By Lyndsie Kiebert
Niki Vandenhouten entered her senior year at Clark Fork High School without a clue what her future would hold.
That is, until she found out about PTECH (Pathways To Early Career High School). The statewide program, funded by the J.A. and Kathryn Albertson Family Foundation, helps streamline Idaho high school students to high-paying jobs in Idaho industries. These industries include aerospace, healthcare, web development, diesel technology and more.
“I didn’t have a plan at first. I had no idea what I as going to do, what I even wanted to go to college for or if I was going to go,” she said. “Then I learned that (PTECH does) take care of students.”
Vandenhouten said the program helped her in a variety of ways. PTECH supported her financially through college, but also by providing “coaching” and soft skills training to ready her for the workforce. She said she gained time management skills and confidence thanks to her time with PTECH.
But perhaps the most useful thing Vandenhouten has gained in her time with PTECH is the education she needed to become an airplane mechanic. After three years (four, if you count her time with PTECH in high school), she will graduate this spring from the North Idaho College Aerospace program.
She said she’s not worried about finding a job because she believes PTECH and NIC have prepared her.
“I honestly wouldn’t be the person that I am without them,” she said.
Despite her successes, Vandenhouten is about to become a rarity. PTECH is losing it’s funding due to a lack of commitment from anyone besides the Albertson Foundation, according to PTECH Executive Director Alan Millar.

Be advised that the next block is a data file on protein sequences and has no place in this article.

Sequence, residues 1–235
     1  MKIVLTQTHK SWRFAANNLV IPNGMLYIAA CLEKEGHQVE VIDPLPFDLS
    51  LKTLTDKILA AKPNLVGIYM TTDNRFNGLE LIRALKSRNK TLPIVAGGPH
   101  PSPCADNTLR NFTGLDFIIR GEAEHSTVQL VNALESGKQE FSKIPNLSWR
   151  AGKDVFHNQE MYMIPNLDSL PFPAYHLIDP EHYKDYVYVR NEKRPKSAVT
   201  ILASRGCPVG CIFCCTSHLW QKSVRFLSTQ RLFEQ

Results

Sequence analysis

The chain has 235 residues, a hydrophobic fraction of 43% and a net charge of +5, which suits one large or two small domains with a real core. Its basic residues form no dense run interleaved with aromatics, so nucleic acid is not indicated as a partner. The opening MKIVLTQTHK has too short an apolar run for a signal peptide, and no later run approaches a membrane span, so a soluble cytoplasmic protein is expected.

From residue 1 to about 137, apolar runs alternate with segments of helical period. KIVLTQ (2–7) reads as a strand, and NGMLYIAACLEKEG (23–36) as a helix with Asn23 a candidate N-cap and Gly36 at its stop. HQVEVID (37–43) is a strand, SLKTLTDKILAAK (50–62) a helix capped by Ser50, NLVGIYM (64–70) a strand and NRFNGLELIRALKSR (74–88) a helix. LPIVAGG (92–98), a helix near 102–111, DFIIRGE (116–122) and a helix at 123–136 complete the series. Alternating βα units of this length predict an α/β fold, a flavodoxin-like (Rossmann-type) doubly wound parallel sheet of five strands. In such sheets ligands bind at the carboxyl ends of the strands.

“The foundation decided not to go down this road alone,” Millar said. “I am so grateful, but now I’m trying to find other entities who will continue the effort.”
PTECH will honor scholarships they’ve already promised to students for the next two years, Millar said.
He said they’ve tried to get Idaho industries to invest, but the turnaround time a student needs before they can work is too long. Instead, PTECH is pushing apprenticeships in order to get high school kids into the workplace early.
Millar said that in its nearly four years of existence, PTECH has changed their approach several times to find out what would truly help bridge the gap between Idaho students and Idaho jobs.
“We’ve realized that what industry is telling us that no matter where students come from — a four-year college or whatever — students are not job ready,” he said.
To combat that, Millar said PTECH has spent the last six months focusing on job readiness programs, so that students like Vandenhouten not only know how to work in their field, but how to fit in with a company.
These approaches are not happening at the state level, and in turn, the state is not interested in funding or adopting PTECH as a state-administered program — at least not right now.
Instead, the state invests in upper quartile students who are likely to pursue four-year liberal arts degrees, Millar said. Oftentimes, those students live in population centers, which is why PTECH is tailored to more rural schools.
“Rural students are drifting off to an uncertain future that isn’t as well paid as other states,” Millar said.
While Millar said he plans to retire following the program’s end, he hopes to see PTECH’s findings contribute to the wider education conversation in the state.
“My goal would be that we could find funding and pass the torch, because we realize what we can do to make a difference,” he said.
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